Though it has received only moderate attention in the western press, the torrential flooding of large swaths of Pakistan since late July may be the most catastrophic natural disaster to strike the country in half a century. But even greater than the human cost of this devastating event are the security challenges it poses. Coming at a time of widespread unrest, growing Taliban extremism, and increasingly shaky civilian government, the floods could lead to the gravest security crisis the country—and the region—has faced. Unless the international community takes immediate action to provide major emergency aid and support, the country risks turning into what until now has remained only a grim, but remote possibility—a failed state with nuclear weapons.
Without the rest of the world paying much attention, the tortured relations between drug traffickers and the rest of the Mexican population have taken a significant turn. Following a series of hair-raising events over the past few weeks, it appears that the government of Felipe Calderón may be preparing to replace its aggressive military campaign against the drug trade with a rather different policy—opening the door to a previously unthinkable debate about legalizing drugs. Either that, or the administration is losing its bearings at an even faster rate than we had supposed.
“Writing,” wrote Zbigniew Herbert, “must teach men soberness: to be awake.” One of Poland’s greatest poets, Herbert (1924–1998) was also a prolific essayist, and with the publication of his Collected Prose this week we can take in the full range of his brisk, erudite work.
On August 4, US District Court Judge Vaughn Walker declared California’s Proposition 8 unconstitutional, a denial of equal protection of the laws and of the due process right to marry. Gay rights groups applauded anxiously. If Perry v. Schwarzenegger is upheld by the US Court of Appeals for the Ninth Circuit, it is almost certain to be reviewed by the Supreme Court. And the outcome there very likely turns on a single Justice’s vote—Anthony Kennedy’s. There are probably four votes to strike down Proposition 8—Justices Stephen Breyer, Ruth Ginsburg, Sonia Sotomayor, and Elena Kagan—but there are also almost certainly four votes to uphold it—Chief Justice John Roberts and Justices Antonin Scalia, Clarence Thomas, and Samuel Alito. As is so often the case on controversial matters before the Supreme Court these days, everything turns on Justice Kennedy. Which way will he rule?
What may turn out to be the summer’s most important news story (and just possibly the millennium’s) didn’t make the pages of the Times. A study in Nature has concluded that as oceans warmed, phytoplankton—the tiny organisms that form the crucial first level of the entire marine food chain—were disappearing.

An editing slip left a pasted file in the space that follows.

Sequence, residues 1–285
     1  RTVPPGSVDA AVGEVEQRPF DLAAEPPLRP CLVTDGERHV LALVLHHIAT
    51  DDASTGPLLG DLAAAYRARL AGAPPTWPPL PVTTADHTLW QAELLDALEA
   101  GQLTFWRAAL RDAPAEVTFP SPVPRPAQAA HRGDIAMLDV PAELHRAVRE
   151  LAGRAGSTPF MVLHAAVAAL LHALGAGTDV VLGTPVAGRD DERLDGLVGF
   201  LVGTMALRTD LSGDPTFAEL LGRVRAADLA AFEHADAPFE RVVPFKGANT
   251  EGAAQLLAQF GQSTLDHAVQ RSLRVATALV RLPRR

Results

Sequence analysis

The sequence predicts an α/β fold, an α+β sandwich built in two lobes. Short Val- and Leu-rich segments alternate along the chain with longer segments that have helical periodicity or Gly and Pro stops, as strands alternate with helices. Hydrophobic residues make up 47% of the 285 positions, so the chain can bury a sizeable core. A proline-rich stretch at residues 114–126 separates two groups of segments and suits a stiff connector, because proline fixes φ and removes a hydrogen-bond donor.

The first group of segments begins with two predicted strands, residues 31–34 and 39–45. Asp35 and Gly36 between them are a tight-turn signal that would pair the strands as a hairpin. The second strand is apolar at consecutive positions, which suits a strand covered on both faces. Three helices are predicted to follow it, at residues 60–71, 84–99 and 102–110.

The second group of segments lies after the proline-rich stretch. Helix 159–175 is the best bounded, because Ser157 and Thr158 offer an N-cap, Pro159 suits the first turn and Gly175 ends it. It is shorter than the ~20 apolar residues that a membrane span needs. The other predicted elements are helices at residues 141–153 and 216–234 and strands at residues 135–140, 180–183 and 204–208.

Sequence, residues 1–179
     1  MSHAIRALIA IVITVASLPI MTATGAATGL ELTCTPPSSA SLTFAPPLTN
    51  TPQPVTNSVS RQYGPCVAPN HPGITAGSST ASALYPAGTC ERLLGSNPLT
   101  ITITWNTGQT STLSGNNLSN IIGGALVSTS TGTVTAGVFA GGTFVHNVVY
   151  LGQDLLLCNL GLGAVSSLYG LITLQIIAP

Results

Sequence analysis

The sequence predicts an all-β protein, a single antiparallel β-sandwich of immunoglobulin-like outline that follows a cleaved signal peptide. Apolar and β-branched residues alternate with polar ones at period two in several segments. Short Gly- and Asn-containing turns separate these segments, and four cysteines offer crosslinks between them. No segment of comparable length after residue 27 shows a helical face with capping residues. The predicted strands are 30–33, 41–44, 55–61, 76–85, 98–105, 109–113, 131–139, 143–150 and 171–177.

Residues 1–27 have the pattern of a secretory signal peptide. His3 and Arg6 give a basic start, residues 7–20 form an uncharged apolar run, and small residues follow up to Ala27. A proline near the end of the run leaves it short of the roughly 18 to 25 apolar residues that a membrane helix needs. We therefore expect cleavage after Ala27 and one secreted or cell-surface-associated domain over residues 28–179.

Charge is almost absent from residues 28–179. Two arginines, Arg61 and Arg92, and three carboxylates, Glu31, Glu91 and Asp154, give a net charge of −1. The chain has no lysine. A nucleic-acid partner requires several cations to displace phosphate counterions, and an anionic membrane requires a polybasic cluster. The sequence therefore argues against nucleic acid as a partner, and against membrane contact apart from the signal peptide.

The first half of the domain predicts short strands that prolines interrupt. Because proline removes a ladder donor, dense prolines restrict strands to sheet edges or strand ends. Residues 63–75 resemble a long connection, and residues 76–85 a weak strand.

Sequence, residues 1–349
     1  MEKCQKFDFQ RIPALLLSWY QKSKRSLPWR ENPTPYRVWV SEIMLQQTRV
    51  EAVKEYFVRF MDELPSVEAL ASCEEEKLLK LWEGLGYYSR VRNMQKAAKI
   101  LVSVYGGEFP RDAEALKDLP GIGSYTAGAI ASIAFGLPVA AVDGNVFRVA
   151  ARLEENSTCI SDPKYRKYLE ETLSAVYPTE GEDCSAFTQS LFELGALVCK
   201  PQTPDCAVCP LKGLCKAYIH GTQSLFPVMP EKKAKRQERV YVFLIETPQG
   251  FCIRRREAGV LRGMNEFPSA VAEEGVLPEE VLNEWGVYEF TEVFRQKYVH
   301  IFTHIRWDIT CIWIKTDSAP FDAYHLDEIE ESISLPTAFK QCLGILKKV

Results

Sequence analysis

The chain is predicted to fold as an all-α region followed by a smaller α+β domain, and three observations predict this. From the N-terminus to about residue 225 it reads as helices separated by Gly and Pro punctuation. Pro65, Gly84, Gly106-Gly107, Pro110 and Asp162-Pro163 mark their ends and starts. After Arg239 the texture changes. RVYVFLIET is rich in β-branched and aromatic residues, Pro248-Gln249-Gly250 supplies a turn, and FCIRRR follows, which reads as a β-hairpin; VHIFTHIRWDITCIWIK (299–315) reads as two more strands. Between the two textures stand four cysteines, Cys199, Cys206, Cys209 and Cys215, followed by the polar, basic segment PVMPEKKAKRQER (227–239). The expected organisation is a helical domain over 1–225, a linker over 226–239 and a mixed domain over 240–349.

All bio-pix are by definition ridiculous since their subjects have to be manifestly unique people—why else would the movie be made?—while what makes them unique is exactly what’s so impossible to convey. (Creativity is invisible, hence unfilmable.)
When I was in high school I decided that I wanted to be a radio announcer. I found out that if you went to Radio City there were studio tours and you could even watch some of the programs in process. I took the tour a couple of times and then decided that it might be possible simply to walk past the people at the entrance looking as if I knew where I was going and wander around the studios unescorted. Indeed this is what I did.
A major theme in literature is a wistful regard for life as it was lived some forty or fifty years earlier, typified by Edith Wharton’s The Age of Innocence (1920), which looked back at upper-class mores in 1870s New York. Similarly, the five-decade postmillennial perspective afforded through the rear-view mirror of Mad Men—the critically acclaimed and cultishly followed cable-television drama series that first aired on AMC in 2007 and began its fourth season on July 25—bridges an equivalent time span, long enough to feel historical yet still within living memory of many.
For those of us who came to cultural awareness during the Kennedy years—the purview of Mad Men during its first three seasons, with the present cycle beginning in 1964—Mad Men offers anything but a comforting wallow in nostalgia. The series, which focuses on the fictive Madison Avenue advertising firm Sterling Cooper (later Sterling Cooper Draper Pryce), derives its thrilling power from the dark and seamlessly unified vision of its creator, executive producer, and head writer, Matthew Weiner, an auteur with few peers in the history of his medium.
Most presidents start wondering—or, more often, worrying—about their “legacy” well into their first term. Or, if they have a second term, they worry even more feverishly about what posterity will think of them. Obama need not wonder about his legacy, even this early. It is already fixed, and in one word: Afghanistan. He took on what he made America’s longest war and what may turn out to be its most disastrous one.